Today’s pandemic shows us the promise of the Internet of Medical Everything.
We have been building an Internet of Things (IoT) over the past decade, a network of everyday objects so prevalent we now take it for granted. Virtually everywhere we go, devices can communicate with one another: at home, thermostats report conditions and receive their instructions via web services; wearables track our health stats and report to our smartphones; transponders on pallets let sensors in factories, warehouses, and stores keep track of goods as they make their way from manufacturing plant to retail shelves.
When we bring data, people and processes into the way we think about this digital ecosystem, we move towards an Internet of Everything. As next-generation cellular networks roll out — with their potential of higher speeds, lower latency, ability to support many more connections, and the capability to create virtual networks to serve specific groups of devices — this evolution of IoE will accelerate. The Internet of Things connects our stuff, but the Internet of Everything will bring together all of the data our stuff manages, and in turn will transform how we think, act and collaborate.
“Consumer wearables and apps that track and analyze data like heart rate, caloric intake and daily activity have made individuals more aware of their health habits. But it’s also showed the healthcare industry that technology can play a huge role in improving quality of life, both day-to-day and when medical assistance is needed and now, in this time of crisis.”
The healthcare industry, already faced with delivering care to an aging population while controlling costs across a highly decentralized system, has shifted to emergency response. In order to do so efficiently in the face of resource shortages, innovative firms are looking to build on the kinds of transformative technologies the Internet of Everything can empower.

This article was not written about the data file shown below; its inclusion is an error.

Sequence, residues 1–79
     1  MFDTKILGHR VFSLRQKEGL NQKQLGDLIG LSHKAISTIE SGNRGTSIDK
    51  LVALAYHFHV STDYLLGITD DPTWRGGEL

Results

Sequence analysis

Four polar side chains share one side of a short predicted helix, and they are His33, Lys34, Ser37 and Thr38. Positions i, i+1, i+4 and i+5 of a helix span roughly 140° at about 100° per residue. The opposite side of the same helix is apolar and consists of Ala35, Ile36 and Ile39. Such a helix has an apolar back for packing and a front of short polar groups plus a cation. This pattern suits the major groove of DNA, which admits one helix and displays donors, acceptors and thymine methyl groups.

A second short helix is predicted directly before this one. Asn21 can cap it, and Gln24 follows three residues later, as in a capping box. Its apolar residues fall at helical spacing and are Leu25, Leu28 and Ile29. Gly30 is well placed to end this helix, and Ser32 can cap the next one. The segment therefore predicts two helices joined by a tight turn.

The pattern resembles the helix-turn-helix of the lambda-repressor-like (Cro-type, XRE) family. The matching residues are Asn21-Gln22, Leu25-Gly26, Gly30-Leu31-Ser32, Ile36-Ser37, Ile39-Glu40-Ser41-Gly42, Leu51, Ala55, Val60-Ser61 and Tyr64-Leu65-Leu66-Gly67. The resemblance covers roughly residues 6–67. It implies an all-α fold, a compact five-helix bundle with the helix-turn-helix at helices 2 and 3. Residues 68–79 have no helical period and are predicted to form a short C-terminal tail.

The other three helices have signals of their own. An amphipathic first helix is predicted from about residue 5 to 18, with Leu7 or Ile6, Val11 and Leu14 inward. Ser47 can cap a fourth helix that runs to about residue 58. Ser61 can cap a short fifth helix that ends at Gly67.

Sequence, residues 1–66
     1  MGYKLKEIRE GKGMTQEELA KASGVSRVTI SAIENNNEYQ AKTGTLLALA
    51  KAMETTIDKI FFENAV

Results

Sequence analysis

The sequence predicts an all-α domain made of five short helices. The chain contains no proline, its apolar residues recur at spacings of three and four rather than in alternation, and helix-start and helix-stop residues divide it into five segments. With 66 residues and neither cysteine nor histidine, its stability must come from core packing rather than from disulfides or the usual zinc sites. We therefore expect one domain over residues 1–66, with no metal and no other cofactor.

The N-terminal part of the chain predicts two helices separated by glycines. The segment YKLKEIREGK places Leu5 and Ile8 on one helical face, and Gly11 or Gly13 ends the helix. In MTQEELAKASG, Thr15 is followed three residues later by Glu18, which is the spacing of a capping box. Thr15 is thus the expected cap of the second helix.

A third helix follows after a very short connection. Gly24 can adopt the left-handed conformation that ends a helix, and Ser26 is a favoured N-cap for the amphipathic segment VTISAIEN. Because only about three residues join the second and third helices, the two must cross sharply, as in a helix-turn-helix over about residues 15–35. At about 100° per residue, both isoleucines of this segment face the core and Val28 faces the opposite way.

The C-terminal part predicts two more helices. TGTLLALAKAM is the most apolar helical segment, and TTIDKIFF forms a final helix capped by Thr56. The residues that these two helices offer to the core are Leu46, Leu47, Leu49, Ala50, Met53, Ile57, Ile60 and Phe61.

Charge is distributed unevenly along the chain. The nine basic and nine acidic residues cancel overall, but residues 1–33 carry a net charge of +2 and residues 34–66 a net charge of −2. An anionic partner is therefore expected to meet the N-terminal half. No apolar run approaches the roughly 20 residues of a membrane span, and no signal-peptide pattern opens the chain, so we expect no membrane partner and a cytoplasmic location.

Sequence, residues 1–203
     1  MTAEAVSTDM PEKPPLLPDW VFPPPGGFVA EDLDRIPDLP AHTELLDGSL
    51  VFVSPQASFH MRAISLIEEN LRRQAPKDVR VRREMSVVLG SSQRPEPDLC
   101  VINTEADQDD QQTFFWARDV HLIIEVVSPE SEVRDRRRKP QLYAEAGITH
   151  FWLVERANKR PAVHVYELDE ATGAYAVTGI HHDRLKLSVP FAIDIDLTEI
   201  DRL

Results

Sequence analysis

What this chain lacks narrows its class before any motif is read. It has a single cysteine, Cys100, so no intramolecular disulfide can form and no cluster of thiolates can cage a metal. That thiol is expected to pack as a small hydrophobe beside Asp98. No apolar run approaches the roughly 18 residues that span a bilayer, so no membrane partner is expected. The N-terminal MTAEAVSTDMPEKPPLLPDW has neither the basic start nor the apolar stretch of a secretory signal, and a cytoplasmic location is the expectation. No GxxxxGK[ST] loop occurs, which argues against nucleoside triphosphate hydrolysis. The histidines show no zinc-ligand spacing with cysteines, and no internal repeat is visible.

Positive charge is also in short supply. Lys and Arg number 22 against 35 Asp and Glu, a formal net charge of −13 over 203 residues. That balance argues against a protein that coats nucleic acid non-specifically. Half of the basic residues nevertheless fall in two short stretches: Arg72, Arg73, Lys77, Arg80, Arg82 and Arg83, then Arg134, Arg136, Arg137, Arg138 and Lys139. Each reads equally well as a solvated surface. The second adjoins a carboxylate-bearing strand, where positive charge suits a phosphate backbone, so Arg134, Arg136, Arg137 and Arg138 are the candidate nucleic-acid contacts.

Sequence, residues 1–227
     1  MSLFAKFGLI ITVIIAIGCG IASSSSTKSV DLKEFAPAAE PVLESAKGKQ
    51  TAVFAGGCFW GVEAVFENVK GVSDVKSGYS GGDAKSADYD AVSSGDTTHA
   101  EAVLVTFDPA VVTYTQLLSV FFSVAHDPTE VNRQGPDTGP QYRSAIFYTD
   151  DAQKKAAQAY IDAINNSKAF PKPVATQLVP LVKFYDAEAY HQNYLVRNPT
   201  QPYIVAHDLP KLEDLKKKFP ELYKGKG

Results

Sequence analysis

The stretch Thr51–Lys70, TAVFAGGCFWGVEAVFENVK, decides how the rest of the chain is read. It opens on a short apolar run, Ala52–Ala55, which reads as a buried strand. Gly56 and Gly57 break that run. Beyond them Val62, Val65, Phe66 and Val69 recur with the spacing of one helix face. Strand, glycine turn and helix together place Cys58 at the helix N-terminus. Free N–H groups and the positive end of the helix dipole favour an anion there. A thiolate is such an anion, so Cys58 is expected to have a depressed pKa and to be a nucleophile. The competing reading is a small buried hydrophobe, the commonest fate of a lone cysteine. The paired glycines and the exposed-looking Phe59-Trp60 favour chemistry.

A robust Internet of Medical Things (IoMT) ecosystem is evolving, with some 60 percent of healthcare organizations having already incorporated IoMT devices into their practices, from wearable sensors that track vital signs to point-of-care testing tools. Some 88 percent of providers are currently either already using remote sensors to monitor patients or plan to in the future. And today’s patients are increasingly open to the practice, with some 53 percent of U.S. adults willing to wear devices that track vital statistics and fitness data. Tens of millions already wear consumer devices that perform such tasks, from fitness-specific trackers to watches that are capable of recording health data with an FDA-approved electrocardiogram (ECG) and can share that data with electronic health record (EHR) platforms.
These devices have become part of our social lives and are proving to be helpful in tracking how well social distancing — one of the most important tools in the public health effort against novel Coronavirus infections — is working.